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April 21, 2014

Andrew Silow-Carroll: Passoverkill? Suggestions to make next year's seders even more culturally sensitive

Sara Israelsen Hartley: Seeking the Divine: An ancient connection in a new context

Christine M. Flowers: Priest's execution in Syria should be call to action

Courtnie Erickson: How to help kids accept the poor decisions of others

Lizette Borreli: A Glass Of Milk A Day Keeps Knee Arthritis At Bay

Lizette Borreli: 5 Health Conditions Your Breath Knows Before You Do

The Kosher Gourmet by Betty Rosbottom Coconut Walnut Bars' golden brown morsels are a beautifully balanced delectable delight

April 18, 2014

Rabbi Yonason Goldson: Clarifying one of the greatest philosophical conundrums in theology

Caroline B. Glick: The disappearance of US will

Megan Wallgren: 10 things I've learned from my teenagers

Lizette Borreli: Green Tea Boosts Brain Power, May Help Treat Dementia

John Ericson: Trying hard to be 'positive' but never succeeding? Blame Your Brain

The Kosher Gourmet by Julie Rothman Almondy, flourless torta del re (Italian king's cake), has royal roots, is simple to make, . . . but devour it because it's simply delicious

April 14, 2014

Rabbi Dr Naftali Brawer: Passover frees us from the tyranny of time

Greg Crosby: Passing Over Religion

Eric Schulzke: First degree: How America really recovered from a murder epidemic

Georgia Lee: When love is not enough: Teaching your kids about the realities of adult relationships

Cameron Huddleston: Freebies for Your Lawn and Garden

Gordon Pape: How you can tell if your financial adviser is setting you up for potential ruin

Dana Dovey: Up to 500,000 people die each year from hepatitis C-related liver disease. New Treatment Has Over 90% Success Rate

Justin Caba: Eating Watermelon Can Help Control High Blood Pressure

The Kosher Gourmet by Joshua E. London and Lou Marmon Don't dare pass over these Pesach picks for Manischewitz!

April 11, 2014

Rabbi Hillel Goldberg: Silence is much more than golden

Caroline B. Glick: Forgetting freedom at Passover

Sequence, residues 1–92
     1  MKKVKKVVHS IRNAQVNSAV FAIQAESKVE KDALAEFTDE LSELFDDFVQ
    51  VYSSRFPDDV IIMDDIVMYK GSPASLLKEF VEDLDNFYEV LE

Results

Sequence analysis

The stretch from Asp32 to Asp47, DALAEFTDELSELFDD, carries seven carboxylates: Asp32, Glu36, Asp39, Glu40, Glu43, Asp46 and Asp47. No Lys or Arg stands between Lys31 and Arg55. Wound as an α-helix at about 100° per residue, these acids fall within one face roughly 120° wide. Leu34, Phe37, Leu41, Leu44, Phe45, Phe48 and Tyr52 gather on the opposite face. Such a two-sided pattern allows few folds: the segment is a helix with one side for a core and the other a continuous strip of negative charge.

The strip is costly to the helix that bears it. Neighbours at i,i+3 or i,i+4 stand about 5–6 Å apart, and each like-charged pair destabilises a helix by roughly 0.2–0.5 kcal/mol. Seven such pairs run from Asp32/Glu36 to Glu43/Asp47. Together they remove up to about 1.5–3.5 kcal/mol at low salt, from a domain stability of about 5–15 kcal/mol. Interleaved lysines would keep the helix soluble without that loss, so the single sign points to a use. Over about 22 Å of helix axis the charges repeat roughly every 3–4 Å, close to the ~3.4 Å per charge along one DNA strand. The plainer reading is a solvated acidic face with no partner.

Susan Swann: How to value a child for who he is, not just what he does

Cameron Huddleston: 7 Financial Tasks You Should Tackle Right Now

Sandra Block and Lisa Gerstner: How to Profit From Your Passion

Susan Scutti: A Simple Blood Test Might Soon Diagnose Cancer

Chris Weller: Have A Slow Metabolism? Let Science Speed It Up For You

The Kosher Gourmet by Diane Rossen Worthington Whitefish Terrine: A French take on gefilte fish

April 9, 2014

Jonathan Tobin: Why Did Kerry Lie About Israeli Blame?

Samuel G. Freedman: A resolution 70 years later for a father's unsettling legacy of ashes from Dachau

Jessica Ivins: A resolution 70 years later for a father's unsettling legacy of ashes from Dachau

Kim Giles: Asking for help is not weakness

Kathy Kristof and Barbara Hoch Marcus: 7 Great Growth Israeli Stocks

Matthew Mientka: How Beans, Peas, And Chickpeas Cleanse Bad Cholesterol and Lowers Risk of Heart Disease

Sabrina Bachai: 5 At-Home Treatments For Headaches

The Kosher Gourmet by Daniel Neman Have yourself a matzo ball: The secrets bubby never told you and recipes she could have never imagined

April 8, 2014

Lori Nawyn: At Your Wit's End and Back: Finding Peace

Susan B. Garland and Rachel L. Sheedy: Strategies Married Couples Can Use to Boost Benefits

David Muhlbaum: Smart Tax Deductions Non-Itemizers Can Claim

Jill Weisenberger, M.S., R.D.N., C.D.E : Before You Lose Your Mental Edge

Dana Dovey: Coffee Drinkers Rejoice! Your Cup Of Joe Can Prevent Death From Liver Disease

Chris Weller: Electric 'Thinking Cap' Puts Your Brain Power Into High Gear

The Kosher Gourmet by Marlene Parrish A gift of hazelnuts keeps giving --- for a variety of nutty recipes: Entree, side, soup, dessert

April 4, 2014

Rabbi David Gutterman: The Word for Nothing Means Everything

Charles Krauthammer: Kerry's folly, Chapter 3

Amy Peterson: A life of love: How to build lasting relationships with your children

John Ericson: Older Women: Save Your Heart, Prevent Stroke Don't Drink Diet

John Ericson: Why 50 million Americans will still have spring allergies after taking meds

Cameron Huddleston: Best and Worst Buys of April 2014

Stacy Rapacon: Great Mutual Funds for Young Investors

Sarah Boesveld: Teacher keeps promise to mail thousands of former students letters written by their past selves

The Kosher Gourmet by Sharon Thompson Anyone can make a salad, you say. But can they make a great salad? (SECRETS, TESTED TECHNIQUES + 4 RECIPES, INCLUDING DRESSINGS)

April 2, 2014

Paul Greenberg: Death and joy in the spring

Dan Barry: Should South Carolina Jews be forced to maintain this chimney built by Germans serving the Nazis?

Mayra Bitsko: Save me! An alien took over my child's personality

Frank Clayton: Get happy: 20 scientifically proven happiness activities

Susan Scutti: It's Genetic! Obesity and the 'Carb Breakdown' Gene

Lecia Bushak: Why Hand Sanitizer May Actually Harm Your Health

Stacy Rapacon: Great Funds You Can Own for $500 or Less

Cameron Huddleston: 7 Ways to Save on Home Decor